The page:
I had used two ICSs with different horsepower ratings as well as a PCS before buying a PCS 175. The PCS 175 is right-size for my needs and easier on the budget. I don't have 220 yet, which was one factor, but not a real impediment. Smaller footprint is another (the SawStop contractor saw has a larger footprint in storage).

The best place to see a comparison of the SawStop ICS and PCS saws is here:
https://www.sawstop.com/support/product-comparison
Here is an older, but helpful article:
https://www.popularwoodworking.com/a...l-cabinet-saw/

Here is a summary of the extra features that you get when you buy an ICS over a PCS:

* The ICS table and wings are 3 inches deeper than the PCS table and wings. A few standard 27 inch accessories might not fit, but who cares if you own an ICS?
* The ICS table and wings are made from thicker cast iron than the PCS table and wings.
* The ICS trunnions and other support and positioning structures are beefier than the PCS.
* The ICS motor is larger and heavier than the PCS motor. You can fit a PCS motor on the left side of the cabinet, but the larger ICS motor would stick out, so it is on the right side of the cabinet.
* The ICS cabinet is larger than the PCS cabinet.

Whatever you buy, get SawStop's industrial mobile base for it. You need an adapter to support the smaller PCS in an industrial mobile base because its cabinet is smaller than the ICS cabinet. Even if you buy a PCS, get the industrial mobile base. The ease of use and movement make this choice a no brainer.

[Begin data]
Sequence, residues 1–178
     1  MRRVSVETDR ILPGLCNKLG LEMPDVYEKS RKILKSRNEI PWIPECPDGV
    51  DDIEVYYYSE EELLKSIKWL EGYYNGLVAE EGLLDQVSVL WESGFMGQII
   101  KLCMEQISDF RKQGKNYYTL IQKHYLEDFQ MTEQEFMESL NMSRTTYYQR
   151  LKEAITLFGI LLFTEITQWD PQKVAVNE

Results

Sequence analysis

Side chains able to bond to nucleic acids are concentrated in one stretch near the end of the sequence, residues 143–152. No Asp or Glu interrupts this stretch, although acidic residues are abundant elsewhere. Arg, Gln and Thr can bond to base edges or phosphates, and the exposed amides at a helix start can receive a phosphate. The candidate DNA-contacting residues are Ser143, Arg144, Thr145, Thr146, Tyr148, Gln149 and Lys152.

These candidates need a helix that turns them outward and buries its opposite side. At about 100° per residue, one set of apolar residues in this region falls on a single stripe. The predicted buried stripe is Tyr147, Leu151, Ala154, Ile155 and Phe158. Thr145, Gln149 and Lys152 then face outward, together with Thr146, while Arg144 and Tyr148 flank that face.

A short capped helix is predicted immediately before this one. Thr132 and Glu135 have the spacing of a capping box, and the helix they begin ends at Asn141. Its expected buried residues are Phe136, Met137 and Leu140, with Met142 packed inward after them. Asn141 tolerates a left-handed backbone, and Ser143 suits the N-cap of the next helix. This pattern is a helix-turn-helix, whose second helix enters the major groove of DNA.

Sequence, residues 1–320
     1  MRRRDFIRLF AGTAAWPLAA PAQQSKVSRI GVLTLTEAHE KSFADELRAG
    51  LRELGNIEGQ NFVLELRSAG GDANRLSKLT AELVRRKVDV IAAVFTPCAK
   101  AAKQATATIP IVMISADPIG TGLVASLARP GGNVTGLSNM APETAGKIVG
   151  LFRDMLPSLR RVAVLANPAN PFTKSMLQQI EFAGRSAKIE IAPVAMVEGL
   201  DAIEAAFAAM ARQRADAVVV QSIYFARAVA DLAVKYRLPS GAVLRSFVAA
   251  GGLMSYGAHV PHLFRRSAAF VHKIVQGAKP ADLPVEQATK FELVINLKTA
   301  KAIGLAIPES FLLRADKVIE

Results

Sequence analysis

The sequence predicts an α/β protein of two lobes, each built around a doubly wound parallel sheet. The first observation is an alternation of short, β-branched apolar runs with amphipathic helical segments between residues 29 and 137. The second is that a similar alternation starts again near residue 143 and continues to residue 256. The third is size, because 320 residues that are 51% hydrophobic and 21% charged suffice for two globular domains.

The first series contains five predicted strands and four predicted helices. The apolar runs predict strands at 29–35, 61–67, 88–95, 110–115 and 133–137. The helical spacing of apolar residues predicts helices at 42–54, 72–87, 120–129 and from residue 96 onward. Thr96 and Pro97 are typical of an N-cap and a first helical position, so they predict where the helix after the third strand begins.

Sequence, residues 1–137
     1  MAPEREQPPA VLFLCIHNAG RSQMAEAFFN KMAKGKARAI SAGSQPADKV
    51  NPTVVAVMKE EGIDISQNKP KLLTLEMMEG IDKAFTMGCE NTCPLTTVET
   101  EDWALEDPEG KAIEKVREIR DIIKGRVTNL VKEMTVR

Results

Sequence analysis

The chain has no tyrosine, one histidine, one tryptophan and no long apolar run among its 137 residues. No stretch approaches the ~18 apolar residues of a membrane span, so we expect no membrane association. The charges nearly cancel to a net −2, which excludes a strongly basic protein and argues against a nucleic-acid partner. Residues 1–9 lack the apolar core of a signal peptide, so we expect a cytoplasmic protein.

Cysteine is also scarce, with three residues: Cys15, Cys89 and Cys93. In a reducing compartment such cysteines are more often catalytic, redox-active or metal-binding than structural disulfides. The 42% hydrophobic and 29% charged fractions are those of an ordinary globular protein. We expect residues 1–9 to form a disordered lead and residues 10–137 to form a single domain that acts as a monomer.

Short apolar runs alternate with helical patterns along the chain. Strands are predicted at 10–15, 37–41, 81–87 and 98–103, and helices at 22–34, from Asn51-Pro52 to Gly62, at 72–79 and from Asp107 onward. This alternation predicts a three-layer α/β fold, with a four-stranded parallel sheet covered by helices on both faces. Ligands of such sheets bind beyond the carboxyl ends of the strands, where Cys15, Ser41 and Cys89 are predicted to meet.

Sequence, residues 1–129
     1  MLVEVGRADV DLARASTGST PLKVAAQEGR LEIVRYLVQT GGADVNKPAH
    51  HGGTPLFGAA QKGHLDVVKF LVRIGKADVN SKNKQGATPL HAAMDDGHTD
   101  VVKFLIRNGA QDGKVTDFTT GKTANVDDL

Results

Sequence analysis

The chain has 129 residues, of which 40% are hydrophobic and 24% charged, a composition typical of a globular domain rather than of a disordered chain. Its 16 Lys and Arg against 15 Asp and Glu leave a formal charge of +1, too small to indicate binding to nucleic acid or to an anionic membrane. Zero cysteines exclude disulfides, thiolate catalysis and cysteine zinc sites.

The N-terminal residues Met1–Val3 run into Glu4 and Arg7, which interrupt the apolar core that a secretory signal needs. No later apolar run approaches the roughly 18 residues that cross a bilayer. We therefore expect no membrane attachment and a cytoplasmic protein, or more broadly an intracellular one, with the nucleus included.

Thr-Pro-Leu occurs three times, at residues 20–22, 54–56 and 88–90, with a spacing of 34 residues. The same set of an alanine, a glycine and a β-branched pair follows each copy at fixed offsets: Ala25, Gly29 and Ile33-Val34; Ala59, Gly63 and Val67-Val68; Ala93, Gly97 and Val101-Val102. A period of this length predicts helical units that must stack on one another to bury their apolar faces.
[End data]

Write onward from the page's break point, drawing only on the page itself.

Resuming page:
If you get a PCS, avoid the professional integrated mobile base. Get the industrial mobile base (and PCS adapter) instead. You won't regret it.

P.S. Here is another very useful article. If you are thinking about a PCS, this one is so helpful for understanding the subtitles and features of a PCS, although it also discusses the contractor saw, which I do not recommend:
https://www.trentdavis.net/wp/2019/0...-professional/
Tool Agnostic is offline  
Reply

Quick Reply
Message:
Options

Register Now



In order to be able to post messages on the Woodworking Talk - Woodworkers Forum forums, you must first register.
Please enter your desired user name, your email address and other required details in the form below.

User Name:
Password
Please enter a password for your user account. Note that passwords are case-sensitive.

Password:


Confirm Password:
Email Address
Please enter a valid email address for yourself.

Email Address:
OR

Log-in










Thread Tools
Show Printable Version Show Printable Version
Email this Page Email this Page
Display Modes
Linear Mode Linear Mode



Posting Rules  
You may post new threads
You may post replies
You may not post attachments
You may not edit your posts

BB code is On
Smilies are On
[IMG] code is On
HTML code is Off
Trackbacks are Off
Pingbacks are Off
Refbacks are Off

 
For the best viewing experience please update your browser to Google Chrome